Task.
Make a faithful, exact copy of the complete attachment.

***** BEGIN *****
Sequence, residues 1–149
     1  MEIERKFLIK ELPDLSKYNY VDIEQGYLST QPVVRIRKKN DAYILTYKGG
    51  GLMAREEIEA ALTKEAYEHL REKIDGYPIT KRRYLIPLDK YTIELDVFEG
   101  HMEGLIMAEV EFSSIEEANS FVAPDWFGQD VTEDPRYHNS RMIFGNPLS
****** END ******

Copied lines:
Sequence, residues 1–149
     1  MEIERKFLIK ELPDLSKYNY VDIEQGYLST QPVVRIRKKN DAYILTYKGG
    51  GLMAREEIEA ALTKEAYEHL REKIDGYPIT KRRYLIPLDK YTIELDVFEG
   101  HMEGLIMAEV EFSSIEEANS FVAPDWFGQD VTEDPRYHNS RMIFGNPLS